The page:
The GP framework is flexible in allowing us to construct the mean of *f* (and the implicit surface associated with its zero level set) to match prior knowledge about certain biological structures. For example, by placing one anchor point within the inner ring of the double membrane structure present in, for example, Fig. 17(b), some anchor points between the inner and outer rings and some outside of the outer ring, and setting the values of anchor points to −1, 1 and −1, we can reconstruct the missing segments in both the inner and outer membrane as can be seen in Fig. 21.

## 6 Refinement in 3D

Although 2D parametric and non-parametric fittings allow us to fill in the missing pixels in the segmented component in each slice of the tomogram and produce smooth 2D curves in each slice, stacking these 2D curves together may produce a nonsmooth 3D surface with gaps or bumps along the vertical direction as can be seen in Figure 22.

The nonsmoothness of the surfaces can also be quantified by the maximum of distances between each membrane pixel and its nearest neighboring pixel on an adjacent slice. We plot in Figure 23 a histogram of such maxima for all slices shown in Figure 22. We can see from the histogram that most of the maximum distances are within 2 pixels, but there are quite a few between 2 and 5 pixels. There is even one that is 8 pixels long.

The lack of smoothness along the vertical direction results partially from artifacts produced by the U-Net segmentation which picks up some spurious pixels that do not belong to the surface of the membrane. It may also be caused by either an ill-posed 2D fitting (due to the presence of only a few pixels grouped into the same class) or overfitting that tries to connect pixels on the membrane with spurious pixels. Neither procedure is properly constrained by the continuity and smoothness of the membrane surface across tomogram slices.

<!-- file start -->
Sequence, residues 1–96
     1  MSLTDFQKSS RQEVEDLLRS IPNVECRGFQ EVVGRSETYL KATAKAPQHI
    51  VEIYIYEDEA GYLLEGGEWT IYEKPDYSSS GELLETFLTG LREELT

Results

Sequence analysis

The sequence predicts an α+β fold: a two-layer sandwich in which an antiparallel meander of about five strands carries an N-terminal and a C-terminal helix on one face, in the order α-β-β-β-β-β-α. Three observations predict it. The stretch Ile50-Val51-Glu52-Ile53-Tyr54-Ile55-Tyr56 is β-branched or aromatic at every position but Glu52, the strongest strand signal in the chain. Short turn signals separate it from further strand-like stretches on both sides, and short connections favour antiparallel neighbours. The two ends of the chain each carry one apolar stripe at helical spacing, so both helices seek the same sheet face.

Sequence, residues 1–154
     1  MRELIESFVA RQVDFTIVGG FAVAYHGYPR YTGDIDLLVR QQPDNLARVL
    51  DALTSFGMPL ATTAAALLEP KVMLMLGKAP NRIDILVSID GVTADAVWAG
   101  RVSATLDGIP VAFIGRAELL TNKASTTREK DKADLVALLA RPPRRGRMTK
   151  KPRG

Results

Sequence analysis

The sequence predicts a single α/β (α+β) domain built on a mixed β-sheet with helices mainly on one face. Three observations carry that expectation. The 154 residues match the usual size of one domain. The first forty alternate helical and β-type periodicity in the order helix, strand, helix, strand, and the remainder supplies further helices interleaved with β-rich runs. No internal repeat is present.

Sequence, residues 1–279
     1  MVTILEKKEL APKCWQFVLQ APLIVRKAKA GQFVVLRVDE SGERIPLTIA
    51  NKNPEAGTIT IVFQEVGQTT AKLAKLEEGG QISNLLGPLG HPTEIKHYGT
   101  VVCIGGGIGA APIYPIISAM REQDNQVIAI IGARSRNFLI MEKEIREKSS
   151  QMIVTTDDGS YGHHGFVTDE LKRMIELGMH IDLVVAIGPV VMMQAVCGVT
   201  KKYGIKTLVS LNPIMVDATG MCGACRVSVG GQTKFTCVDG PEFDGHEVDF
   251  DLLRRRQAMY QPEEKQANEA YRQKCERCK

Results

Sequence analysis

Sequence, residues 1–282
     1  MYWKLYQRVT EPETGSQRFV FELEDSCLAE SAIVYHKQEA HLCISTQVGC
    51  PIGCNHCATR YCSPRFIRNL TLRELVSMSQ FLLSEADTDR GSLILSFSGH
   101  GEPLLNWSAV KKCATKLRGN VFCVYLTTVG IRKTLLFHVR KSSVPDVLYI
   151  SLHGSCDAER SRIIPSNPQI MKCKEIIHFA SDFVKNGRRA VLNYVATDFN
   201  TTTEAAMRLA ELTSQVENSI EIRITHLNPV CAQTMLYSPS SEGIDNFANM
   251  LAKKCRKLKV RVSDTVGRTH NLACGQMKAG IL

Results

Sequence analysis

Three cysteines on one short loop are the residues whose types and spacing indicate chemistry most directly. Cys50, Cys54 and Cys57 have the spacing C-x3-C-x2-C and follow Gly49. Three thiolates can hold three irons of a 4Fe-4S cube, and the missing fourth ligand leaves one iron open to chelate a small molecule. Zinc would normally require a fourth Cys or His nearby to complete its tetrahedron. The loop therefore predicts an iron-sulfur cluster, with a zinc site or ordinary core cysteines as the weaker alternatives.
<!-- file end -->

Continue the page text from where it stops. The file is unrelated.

To address this problem, we develop a refinement procedure to first collect segmented pixels in different tomogram slices that belong to the same membrane surface. Spurious pixels are pruned. We then use the 3D Gaussian process formalism to construct 3D membrane surfaces that are zero level sets of a continuous function defined on a 3D volume and anchored by a few voxels both inside and outside of the membrane surfaces to be reconstructed.

### 6.1 Voxel selection

In order to make effective use of the Gaussian process technique in 3D to construct the desired membrane surfaces, we need to identify as many voxels that lie on the same surface as possible. These voxels are collected from segmented pixels within each tomogram slice. Pixels that belong to the same class produced from the classification schemes discussed in sections 5.1 and 5.2 are grouped together. However, in some tomogram slices, only a few pixels belonging to the surface are visible. Even fewer can be identified by the U-Net. Although parametric or non-parametric fitting can be used to reconstruct some of the pixels, the lack of visible pixels in these slices makes the fitting procedure ill-posed. For example, Figure 24 shows that U-Net picked up a few pixels on the inner membrane of a vesicle in the upper left corner of the 100th tomogram slice. Some of these pixels were filtered out during the classification procedure because they are isolated and not connected to other pixels. Only a small number of pixels at the top of the inner membrane are retrained. When an elliptic parametric fitting procedure is applied, a small ellipse is produced, which does not correctly characterize the shape of the inner membrane.

However, the correct shape of the inner membrane is obtained when the parametric fitting procedure is applied to the 120th tomogram slice shown in Figure 17. For that tomogram slice, many pixels can be seen to lie on the inner membrane. They are correctly identified by the U-Net segmentation. The parameters associated with the ellipse that closes the gap in the U-Net segmented inner membrane can be used to train the parameters to be optimized when a nonlinear least squares fitting is applied to the 100th tomogram slice. To be specific, we can use the parameters *x*_{0}, *y*_{0}, *a* and *b* obtained from the least squares fit of the inner membrane for the 120th tomogram slice as the starting guesses to the parameters associated with the ellipse that fit the selected pixels in tomogram slice 100. Upper and lower bounds for these parameters are also set based on the parameters obtained from the 120th tomogram slice. The constrained optimization with a good starting guess yields an ellipse shown as the green curve in Figure 24(c). Once this ellipse is constructed, all segmented pixels produced by U-Net that are sufficiently close to the ellipse are selected as voxels to be used in the 3D Gaussian process fit.